• Jermey is just trying to get a rise out of you all. Parenting is the hardest thing I’ve done in my life. Give yourselves a break and realize that kids are experiencing so many emotions in their little bodies that they are learning how to cope with. Stay empathetic. I know how trying it is. I have a 6 year old daughter who is worried every day and I’m struggling to ease her pain and worries. One minute at a time they will get through this and we will too.

        • Agreed.


  6. Great article, and the tips are super helpful, even for kids who may suffer from less severe anxiety.


  7. Every time I hear about mental illness in children, I ask what is the cause? Its obviously related to their brain and, as this article states, high cortisol levels. How many of these affected parents let their children cry-it-out or put them through sleep training as an infant? Curious, is there a correlation since crying increases cortisol levels in the infant’s brain and for this to take place during a critical stage of brain development?


  8. I never comment but with this topic I have lots of experience ! Anxiety is a results of something happening PHYSICALLY as well as mentally . Im confused why this article does not address this side….almost all these sweet children complain about tummy issues….what about food allergies…hormone imbalances such as thyroid ….to much processed foods…the digestive system is a direct link to how we feel emotionally .I discovered this after I would have anxiety attacks after consuming caffeine and sugar. Take your children to a trusted pediatrician have a full physical including bloodwork.It changed our lives and it can changes yours too..don’t give up!!!!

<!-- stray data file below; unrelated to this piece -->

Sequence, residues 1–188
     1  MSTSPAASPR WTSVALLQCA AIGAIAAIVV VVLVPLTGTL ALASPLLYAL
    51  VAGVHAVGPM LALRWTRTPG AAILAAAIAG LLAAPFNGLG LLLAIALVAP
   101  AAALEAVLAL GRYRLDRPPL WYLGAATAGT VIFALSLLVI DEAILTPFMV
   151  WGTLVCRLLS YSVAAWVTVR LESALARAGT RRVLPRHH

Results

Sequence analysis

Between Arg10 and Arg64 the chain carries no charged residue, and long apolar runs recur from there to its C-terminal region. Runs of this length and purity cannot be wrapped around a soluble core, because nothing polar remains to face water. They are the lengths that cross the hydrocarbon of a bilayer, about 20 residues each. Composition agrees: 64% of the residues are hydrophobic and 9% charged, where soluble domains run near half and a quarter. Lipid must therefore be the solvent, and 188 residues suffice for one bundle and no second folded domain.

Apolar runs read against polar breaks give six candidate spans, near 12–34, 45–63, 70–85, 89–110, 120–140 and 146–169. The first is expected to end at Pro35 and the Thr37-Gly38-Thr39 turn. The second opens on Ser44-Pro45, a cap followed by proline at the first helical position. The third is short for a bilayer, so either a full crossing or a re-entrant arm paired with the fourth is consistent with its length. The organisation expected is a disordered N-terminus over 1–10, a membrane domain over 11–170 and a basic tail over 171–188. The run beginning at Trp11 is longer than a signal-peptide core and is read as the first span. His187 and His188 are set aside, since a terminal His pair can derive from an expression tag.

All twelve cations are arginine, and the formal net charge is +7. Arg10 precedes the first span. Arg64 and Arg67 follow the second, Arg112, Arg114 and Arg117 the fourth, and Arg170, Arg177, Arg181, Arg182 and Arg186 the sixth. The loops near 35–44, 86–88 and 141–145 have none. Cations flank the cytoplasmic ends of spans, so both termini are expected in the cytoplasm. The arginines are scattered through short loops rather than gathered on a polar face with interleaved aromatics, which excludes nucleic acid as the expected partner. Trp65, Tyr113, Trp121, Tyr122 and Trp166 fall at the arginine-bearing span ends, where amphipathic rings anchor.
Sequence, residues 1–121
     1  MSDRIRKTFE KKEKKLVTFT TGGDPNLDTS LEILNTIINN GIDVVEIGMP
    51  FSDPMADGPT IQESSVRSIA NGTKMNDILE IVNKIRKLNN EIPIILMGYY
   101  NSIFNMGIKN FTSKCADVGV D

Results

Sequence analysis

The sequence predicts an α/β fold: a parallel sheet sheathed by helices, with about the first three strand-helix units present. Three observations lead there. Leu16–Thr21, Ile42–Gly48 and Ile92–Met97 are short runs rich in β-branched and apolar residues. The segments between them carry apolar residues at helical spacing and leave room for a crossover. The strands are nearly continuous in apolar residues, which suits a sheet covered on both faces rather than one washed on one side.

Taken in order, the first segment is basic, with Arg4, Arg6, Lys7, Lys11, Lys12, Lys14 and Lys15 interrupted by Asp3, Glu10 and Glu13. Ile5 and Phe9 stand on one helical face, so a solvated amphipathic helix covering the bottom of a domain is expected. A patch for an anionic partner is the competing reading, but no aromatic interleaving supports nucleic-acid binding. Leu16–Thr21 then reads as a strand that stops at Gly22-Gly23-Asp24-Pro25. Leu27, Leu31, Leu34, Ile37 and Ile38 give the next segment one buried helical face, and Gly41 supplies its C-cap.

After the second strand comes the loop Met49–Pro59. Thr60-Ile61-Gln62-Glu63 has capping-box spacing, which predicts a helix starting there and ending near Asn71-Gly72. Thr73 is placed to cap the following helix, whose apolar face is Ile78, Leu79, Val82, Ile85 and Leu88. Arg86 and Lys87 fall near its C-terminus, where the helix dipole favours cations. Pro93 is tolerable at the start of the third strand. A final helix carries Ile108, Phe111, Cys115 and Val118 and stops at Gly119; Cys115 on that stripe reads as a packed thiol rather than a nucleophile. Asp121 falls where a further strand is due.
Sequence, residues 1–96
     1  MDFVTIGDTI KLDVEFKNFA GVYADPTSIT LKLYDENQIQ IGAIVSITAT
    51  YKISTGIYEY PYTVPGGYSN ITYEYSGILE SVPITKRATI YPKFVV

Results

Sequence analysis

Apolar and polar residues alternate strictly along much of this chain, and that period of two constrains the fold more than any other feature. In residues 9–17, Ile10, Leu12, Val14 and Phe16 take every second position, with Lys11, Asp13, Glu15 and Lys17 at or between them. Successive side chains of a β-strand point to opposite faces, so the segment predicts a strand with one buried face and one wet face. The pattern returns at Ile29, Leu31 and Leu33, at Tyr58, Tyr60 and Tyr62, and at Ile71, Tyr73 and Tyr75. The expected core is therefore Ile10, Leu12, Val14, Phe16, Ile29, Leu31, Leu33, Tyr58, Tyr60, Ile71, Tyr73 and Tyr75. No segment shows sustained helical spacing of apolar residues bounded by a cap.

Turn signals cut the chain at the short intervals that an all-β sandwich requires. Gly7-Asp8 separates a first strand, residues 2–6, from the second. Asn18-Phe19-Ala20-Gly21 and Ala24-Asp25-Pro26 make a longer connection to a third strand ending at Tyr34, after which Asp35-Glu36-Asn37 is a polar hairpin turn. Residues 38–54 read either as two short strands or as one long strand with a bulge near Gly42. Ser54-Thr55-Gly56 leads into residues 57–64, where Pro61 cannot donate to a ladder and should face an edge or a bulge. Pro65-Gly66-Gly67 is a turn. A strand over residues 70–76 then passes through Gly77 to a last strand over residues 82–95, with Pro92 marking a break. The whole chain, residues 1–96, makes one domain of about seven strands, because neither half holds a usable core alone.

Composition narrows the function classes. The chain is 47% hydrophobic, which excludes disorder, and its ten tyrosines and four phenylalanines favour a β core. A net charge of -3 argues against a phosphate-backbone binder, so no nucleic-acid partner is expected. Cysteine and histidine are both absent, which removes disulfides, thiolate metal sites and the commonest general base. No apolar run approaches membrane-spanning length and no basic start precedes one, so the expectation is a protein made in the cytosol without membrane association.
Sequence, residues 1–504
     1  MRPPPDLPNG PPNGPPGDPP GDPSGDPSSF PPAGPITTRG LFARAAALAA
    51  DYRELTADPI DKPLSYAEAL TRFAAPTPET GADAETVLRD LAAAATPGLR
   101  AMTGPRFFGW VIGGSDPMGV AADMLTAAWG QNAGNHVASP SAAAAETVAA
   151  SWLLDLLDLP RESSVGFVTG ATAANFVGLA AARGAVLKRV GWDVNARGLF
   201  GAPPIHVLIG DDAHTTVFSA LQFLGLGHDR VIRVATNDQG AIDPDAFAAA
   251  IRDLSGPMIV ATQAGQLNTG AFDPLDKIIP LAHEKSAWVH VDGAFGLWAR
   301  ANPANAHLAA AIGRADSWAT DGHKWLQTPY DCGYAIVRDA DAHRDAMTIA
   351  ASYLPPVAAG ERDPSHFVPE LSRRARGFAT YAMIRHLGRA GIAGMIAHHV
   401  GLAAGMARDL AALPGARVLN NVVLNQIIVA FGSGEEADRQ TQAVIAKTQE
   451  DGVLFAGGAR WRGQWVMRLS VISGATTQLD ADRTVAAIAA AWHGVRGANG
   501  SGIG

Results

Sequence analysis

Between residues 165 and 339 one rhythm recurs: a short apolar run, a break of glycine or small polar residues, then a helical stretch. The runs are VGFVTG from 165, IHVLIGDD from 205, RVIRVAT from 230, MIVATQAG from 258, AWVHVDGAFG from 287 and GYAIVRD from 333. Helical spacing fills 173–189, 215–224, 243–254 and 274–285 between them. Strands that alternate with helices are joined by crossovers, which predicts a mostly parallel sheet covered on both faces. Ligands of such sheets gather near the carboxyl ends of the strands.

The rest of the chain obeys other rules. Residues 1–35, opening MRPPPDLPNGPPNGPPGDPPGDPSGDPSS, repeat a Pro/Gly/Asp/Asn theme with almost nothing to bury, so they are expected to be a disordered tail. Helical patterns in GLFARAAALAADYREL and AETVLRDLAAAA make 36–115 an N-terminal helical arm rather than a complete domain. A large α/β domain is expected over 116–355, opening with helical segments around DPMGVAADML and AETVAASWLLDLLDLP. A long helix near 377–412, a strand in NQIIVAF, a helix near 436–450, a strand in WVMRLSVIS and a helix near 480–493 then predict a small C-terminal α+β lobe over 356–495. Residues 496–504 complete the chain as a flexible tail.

• Gluten is also a hidden culprit of anxiety in children, but can often go undiagnosed or misdiagnosed in children. The body’s response to the gluten that it cannot tolerate can take many forms, one of which is anxiety and behavior changes.


  9. When you say that someone is a ‘typical tween’ you belittle them. If a child said ‘you’re a typical adult’ you’d think that they sounded ungrateful or naive to you. So you sound the same for using that term about a child.


  10. My 10 year old son had issues with anxiety when he was 8 yrs old and now again in 5th grade. He complains of his stomach hurting and sometimes a headache. As a family we are focused on positive talk, minimizing conflict and spending quality time together. I am focusing on making sure his diet is appropriate and that we do not change his every day life and give in to the anxiety. A positive attitude chart has helped for daily activities that he struggles with. After 50 checks he will get a reward. If anyone has any more ideas for experiences please share. This is a family altering experience for sure. This week I am going to try prayer/meditation time with him before bed.